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|1. Coles Corner|
|2. Just Like The Rain|
|3. Hotel Room|
|4. Wait For Me|
|5. The Ocean|
|6. Born Under A Bad Sign|
|7. I Sleep Alone|
|9. Wading Through The Water|
|10. Who's Going To Shoe Your Pretty Little Feet|
|11. Last Orders|
Coles Corner, the follow up to previous albums on Setanta, Late Night Final (2001) and Lowedges (2003), was recorded at Yellowarch Studio in Sheffield, singer/songwriter Hawley's hometown and is a beautiful album, filled with nostalgia, emotion and romance. The album's orchestral splendour sits alongside earthy rock and roll with songs that are by turns intimate and soaring. Richard Hawley insists his mind is full only with 'confused thoughts and Guinness'. But when he sings, he does so in a voice that's deep and low, and does not lie. His merciful, wise songs tell of the heart's truths as seen in the dark, revealed by moonlight. Thom Yorke (Radiohead) says... 'Richard Hawley is all I'm listening to at the moment' and Scott Walker says... 'Richards voice is up there with the all time greats'...Mute. 2005.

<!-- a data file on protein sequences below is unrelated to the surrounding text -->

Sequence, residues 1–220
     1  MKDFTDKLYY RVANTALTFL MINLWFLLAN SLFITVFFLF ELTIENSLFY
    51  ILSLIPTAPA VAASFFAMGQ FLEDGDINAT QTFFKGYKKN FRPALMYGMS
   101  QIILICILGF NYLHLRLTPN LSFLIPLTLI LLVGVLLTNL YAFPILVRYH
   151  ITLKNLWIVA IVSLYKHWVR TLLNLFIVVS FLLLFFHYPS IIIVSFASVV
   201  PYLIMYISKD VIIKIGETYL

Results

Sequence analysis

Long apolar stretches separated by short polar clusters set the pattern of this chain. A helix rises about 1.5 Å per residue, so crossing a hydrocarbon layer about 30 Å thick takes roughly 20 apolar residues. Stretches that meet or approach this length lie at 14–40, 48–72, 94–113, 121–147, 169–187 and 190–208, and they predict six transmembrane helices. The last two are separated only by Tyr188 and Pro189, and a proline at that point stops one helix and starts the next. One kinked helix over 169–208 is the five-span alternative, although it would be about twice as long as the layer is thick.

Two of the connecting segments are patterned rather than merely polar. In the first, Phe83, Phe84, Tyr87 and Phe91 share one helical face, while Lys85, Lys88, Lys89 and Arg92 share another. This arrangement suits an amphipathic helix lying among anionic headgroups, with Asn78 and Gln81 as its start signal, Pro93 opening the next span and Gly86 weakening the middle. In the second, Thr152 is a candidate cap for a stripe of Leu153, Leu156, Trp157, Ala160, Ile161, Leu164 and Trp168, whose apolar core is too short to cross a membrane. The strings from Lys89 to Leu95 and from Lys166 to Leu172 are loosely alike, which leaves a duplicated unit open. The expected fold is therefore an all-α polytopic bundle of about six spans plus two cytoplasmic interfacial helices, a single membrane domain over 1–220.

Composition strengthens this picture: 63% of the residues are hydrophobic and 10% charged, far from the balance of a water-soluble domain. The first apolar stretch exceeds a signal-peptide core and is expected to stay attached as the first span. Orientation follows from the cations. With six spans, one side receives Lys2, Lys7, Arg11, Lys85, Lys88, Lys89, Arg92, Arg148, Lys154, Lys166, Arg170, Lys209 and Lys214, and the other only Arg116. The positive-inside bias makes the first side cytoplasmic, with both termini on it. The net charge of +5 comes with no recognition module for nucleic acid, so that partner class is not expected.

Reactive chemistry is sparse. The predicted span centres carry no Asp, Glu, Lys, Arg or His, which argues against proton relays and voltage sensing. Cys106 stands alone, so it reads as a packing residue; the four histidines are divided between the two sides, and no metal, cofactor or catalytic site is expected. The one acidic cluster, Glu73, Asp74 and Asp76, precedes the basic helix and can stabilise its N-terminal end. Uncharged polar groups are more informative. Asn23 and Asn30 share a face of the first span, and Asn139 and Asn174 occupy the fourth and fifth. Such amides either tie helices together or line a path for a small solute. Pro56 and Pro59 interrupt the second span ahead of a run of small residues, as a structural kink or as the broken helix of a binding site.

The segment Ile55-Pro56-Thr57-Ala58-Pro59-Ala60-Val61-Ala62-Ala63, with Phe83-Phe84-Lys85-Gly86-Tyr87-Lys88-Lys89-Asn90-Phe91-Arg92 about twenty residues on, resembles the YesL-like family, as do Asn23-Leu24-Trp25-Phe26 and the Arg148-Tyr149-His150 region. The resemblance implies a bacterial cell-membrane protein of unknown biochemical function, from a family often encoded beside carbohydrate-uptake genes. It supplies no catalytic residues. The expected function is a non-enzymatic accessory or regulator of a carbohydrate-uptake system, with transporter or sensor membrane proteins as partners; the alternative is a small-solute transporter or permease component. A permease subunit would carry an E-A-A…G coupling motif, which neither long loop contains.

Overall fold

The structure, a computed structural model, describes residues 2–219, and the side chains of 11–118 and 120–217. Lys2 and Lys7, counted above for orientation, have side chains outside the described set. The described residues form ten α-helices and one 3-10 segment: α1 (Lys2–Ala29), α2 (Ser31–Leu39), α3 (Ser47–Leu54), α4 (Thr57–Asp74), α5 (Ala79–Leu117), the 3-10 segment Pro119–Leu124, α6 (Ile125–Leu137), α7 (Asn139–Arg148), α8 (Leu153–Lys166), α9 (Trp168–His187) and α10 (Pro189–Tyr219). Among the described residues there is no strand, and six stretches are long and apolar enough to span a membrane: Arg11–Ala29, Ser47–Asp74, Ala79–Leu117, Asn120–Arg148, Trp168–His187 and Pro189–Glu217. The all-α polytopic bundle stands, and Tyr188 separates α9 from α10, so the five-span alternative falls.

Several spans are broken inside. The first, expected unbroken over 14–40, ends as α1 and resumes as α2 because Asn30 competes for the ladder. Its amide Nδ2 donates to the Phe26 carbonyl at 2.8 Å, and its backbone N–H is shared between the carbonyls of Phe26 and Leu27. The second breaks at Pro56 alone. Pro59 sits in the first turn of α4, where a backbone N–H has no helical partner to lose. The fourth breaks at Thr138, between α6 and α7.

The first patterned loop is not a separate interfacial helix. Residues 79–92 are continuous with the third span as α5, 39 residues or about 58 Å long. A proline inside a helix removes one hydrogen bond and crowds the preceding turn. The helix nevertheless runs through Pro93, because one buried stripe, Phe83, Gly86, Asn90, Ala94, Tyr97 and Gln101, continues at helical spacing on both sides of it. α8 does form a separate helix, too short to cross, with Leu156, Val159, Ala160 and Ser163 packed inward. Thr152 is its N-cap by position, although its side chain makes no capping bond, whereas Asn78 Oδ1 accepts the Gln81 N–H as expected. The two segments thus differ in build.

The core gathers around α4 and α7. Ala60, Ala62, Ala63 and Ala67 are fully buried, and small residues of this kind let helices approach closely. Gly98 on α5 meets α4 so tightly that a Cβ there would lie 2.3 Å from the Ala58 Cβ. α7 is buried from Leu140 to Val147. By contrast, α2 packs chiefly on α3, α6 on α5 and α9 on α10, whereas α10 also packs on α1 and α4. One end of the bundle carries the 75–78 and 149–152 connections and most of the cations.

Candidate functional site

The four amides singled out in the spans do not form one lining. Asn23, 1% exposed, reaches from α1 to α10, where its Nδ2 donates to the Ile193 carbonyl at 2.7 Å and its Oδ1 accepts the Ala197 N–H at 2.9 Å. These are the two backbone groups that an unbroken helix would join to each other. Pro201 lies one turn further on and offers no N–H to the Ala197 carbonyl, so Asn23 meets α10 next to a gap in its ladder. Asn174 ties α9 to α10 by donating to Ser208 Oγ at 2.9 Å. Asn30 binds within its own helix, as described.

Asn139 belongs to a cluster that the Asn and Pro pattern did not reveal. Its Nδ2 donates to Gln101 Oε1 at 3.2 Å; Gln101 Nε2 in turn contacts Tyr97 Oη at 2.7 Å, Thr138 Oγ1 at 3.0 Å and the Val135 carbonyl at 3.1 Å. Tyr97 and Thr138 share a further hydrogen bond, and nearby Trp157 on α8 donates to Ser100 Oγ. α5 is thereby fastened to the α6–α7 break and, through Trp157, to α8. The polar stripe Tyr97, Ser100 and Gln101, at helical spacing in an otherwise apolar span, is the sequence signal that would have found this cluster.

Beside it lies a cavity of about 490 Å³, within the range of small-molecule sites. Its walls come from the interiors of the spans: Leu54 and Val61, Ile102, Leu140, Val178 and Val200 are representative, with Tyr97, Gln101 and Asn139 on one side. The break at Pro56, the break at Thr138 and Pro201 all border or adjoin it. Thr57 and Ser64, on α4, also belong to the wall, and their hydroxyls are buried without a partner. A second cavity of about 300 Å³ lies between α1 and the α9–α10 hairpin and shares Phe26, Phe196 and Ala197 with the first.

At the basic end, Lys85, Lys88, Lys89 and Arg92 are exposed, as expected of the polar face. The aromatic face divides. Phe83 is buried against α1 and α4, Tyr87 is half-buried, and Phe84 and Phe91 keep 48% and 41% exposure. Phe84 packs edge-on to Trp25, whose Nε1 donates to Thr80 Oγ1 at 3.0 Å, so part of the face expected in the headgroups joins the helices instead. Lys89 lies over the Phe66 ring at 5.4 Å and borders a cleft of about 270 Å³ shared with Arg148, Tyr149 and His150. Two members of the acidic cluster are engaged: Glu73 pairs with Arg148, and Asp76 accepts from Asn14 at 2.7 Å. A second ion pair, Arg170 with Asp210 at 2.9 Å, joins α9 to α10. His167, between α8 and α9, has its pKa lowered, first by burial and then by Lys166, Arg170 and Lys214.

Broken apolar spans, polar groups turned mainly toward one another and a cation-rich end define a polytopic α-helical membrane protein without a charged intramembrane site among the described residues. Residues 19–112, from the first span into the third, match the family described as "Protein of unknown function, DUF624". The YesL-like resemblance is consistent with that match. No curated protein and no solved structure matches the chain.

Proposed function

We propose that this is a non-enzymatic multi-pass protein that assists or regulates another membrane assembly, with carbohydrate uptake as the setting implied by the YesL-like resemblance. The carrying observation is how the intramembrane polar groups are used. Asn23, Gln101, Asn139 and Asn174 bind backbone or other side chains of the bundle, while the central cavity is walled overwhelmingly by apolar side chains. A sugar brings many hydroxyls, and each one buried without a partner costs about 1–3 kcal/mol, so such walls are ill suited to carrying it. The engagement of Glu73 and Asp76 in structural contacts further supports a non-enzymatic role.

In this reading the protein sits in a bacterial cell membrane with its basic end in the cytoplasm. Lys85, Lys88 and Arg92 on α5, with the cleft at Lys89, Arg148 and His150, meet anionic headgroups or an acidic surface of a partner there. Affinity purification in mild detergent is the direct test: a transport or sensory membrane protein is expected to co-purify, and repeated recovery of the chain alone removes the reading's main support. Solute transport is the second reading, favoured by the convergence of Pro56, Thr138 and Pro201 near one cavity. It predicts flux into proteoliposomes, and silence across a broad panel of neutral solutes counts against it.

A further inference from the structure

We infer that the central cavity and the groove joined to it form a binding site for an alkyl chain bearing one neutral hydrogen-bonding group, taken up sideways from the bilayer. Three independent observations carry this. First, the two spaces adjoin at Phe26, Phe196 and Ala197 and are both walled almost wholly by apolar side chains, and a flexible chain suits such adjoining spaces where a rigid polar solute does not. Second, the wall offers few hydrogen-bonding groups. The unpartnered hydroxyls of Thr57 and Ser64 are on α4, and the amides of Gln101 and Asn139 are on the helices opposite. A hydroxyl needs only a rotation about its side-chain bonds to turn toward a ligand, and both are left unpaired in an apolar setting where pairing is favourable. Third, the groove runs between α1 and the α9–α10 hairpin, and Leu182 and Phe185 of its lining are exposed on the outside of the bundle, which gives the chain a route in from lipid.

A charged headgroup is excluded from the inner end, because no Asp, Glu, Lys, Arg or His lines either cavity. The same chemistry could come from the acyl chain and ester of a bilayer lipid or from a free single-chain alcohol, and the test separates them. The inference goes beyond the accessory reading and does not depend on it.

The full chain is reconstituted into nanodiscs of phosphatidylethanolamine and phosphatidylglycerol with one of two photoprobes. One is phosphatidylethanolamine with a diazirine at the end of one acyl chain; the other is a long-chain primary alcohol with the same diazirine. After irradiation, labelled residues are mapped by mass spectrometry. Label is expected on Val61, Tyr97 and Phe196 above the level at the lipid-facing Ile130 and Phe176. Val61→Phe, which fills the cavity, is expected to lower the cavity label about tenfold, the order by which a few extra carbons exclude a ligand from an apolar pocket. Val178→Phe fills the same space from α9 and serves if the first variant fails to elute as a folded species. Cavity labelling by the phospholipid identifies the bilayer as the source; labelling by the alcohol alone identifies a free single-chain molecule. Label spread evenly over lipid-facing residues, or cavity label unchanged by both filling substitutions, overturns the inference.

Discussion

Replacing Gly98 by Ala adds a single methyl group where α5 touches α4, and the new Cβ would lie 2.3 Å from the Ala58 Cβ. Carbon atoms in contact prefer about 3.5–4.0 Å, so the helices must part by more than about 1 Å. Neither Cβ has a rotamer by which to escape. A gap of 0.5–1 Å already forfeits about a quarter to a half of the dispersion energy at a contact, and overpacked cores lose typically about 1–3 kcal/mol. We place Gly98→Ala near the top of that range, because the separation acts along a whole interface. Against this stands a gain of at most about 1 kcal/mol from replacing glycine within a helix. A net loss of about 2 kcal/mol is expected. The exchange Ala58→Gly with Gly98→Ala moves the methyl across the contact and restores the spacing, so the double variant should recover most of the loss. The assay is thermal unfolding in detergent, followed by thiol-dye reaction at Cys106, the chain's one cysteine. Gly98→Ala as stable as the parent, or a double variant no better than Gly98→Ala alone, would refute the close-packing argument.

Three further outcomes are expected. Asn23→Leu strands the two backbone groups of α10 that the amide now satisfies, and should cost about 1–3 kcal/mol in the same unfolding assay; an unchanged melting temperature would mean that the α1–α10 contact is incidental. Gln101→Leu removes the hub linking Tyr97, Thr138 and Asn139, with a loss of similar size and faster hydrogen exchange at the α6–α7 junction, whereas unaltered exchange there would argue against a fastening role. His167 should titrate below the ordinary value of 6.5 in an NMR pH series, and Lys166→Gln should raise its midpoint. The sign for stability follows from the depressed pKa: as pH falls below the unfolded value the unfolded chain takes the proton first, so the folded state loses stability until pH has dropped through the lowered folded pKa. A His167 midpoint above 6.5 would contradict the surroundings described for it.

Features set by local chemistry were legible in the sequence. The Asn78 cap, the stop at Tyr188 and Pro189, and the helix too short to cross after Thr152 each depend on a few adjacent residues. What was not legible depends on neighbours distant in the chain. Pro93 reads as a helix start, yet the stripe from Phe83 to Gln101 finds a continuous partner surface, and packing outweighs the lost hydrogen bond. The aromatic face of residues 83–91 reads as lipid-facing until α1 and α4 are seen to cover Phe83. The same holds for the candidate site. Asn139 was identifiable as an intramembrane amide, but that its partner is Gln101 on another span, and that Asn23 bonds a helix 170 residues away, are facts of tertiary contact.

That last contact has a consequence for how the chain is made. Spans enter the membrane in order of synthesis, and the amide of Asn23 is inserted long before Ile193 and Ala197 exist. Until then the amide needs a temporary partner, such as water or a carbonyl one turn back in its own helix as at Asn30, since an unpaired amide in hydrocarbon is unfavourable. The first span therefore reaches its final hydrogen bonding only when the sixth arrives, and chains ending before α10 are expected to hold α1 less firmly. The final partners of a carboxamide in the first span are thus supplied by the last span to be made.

Richard Hawley spent the 90s primarily as a guitarist with Pulp and Longpigs, and contributing in-studio for the likes of Beth Orton and Robbie Williams. The 21st century, however, has seen Hawley make his way as a stellar solo artist. A loose tone poem/ode about a specific, well-traveled locale in his native Sheffield, Coles Corner is dense with songs that manage to be both weighty in tone, yet airy in execution. Sung in a thrilling baritone that falls somewhere between Leonard Cohen and Johnny Cash, his lyrics scrutinize that ghostly intersection of places and people, and how little pieces of ourselves we leave behind accumulate to form a kind of psychic footprint. The record bleeds with heart-on-the-sleeve sincerity that has nothing at all to do with indie music's recurring fondness for bitter irony. "The Ocean" is a prime example, filled with slow, sweeping motifs and unabashed grace. Hawley doesn't forget his guitar, breaking in with thick, messy riffs on songs like "Born Under a Bad Side" and slide atmospherics on "I Sleep Alone" and "Hotel Room." It's a satisfying piece of work, and while it cements Hawley's reputation as a skilled songwriter and musician it also exposes him as a world-class hopeless romantic. Matthew Cooke